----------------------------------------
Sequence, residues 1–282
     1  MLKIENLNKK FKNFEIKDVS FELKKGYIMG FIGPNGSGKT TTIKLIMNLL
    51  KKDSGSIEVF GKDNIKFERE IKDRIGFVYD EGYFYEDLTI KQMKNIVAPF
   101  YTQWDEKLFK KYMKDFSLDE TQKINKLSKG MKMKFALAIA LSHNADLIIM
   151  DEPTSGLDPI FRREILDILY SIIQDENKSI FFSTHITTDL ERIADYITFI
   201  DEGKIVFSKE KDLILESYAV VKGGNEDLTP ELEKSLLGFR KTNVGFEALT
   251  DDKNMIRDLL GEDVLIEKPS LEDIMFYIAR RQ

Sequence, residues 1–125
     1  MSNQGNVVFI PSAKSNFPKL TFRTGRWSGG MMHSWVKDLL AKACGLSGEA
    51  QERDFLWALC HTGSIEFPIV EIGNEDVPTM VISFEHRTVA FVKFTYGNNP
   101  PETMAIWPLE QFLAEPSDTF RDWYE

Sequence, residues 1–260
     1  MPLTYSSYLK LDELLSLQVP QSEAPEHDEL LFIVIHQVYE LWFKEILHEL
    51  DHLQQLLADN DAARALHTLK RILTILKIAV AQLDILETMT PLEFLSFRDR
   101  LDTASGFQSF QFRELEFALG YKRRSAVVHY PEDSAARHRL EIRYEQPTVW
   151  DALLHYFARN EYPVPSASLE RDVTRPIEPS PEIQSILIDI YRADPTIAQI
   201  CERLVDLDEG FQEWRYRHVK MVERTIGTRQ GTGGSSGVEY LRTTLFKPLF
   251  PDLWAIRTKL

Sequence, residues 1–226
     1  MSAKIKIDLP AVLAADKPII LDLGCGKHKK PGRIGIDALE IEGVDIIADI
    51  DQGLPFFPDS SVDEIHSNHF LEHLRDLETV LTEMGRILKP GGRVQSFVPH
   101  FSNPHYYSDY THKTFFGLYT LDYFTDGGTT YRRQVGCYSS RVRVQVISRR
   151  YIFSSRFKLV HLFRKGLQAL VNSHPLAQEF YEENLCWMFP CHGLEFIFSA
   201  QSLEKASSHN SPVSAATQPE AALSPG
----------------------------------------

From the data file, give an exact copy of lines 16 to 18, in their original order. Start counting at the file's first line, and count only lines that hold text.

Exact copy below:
   151  DALLHYFARN EYPVPSASLE RDVTRPIEPS PEIQSILIDI YRADPTIAQI
   201  CERLVDLDEG FQEWRYRHVK MVERTIGTRQ GTGGSSGVEY LRTTLFKPLF
   251  PDLWAIRTKL